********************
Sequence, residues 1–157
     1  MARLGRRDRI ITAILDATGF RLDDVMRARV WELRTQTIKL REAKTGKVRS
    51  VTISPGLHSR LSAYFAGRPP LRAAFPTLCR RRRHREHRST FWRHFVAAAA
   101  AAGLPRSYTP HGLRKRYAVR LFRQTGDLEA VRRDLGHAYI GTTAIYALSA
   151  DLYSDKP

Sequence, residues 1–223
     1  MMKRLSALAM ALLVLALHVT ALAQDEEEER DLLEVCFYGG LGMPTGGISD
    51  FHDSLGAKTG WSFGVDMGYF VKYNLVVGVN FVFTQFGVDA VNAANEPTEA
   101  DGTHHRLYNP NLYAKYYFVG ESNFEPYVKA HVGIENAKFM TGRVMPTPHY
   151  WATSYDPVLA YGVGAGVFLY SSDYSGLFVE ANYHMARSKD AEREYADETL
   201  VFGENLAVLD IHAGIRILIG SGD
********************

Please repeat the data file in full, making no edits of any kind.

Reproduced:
Sequence, residues 1–157
     1  MARLGRRDRI ITAILDATGF RLDDVMRARV WELRTQTIKL REAKTGKVRS
    51  VTISPGLHSR LSAYFAGRPP LRAAFPTLCR RRRHREHRST FWRHFVAAAA
   101  AAGLPRSYTP HGLRKRYAVR LFRQTGDLEA VRRDLGHAYI GTTAIYALSA
   151  DLYSDKP

Sequence, residues 1–223
     1  MMKRLSALAM ALLVLALHVT ALAQDEEEER DLLEVCFYGG LGMPTGGISD
    51  FHDSLGAKTG WSFGVDMGYF VKYNLVVGVN FVFTQFGVDA VNAANEPTEA
   101  DGTHHRLYNP NLYAKYYFVG ESNFEPYVKA HVGIENAKFM TGRVMPTPHY
   151  WATSYDPVLA YGVGAGVFLY SSDYSGLFVE ANYHMARSKD AEREYADETL
   201  VFGENLAVLD IHAGIRILIG SGD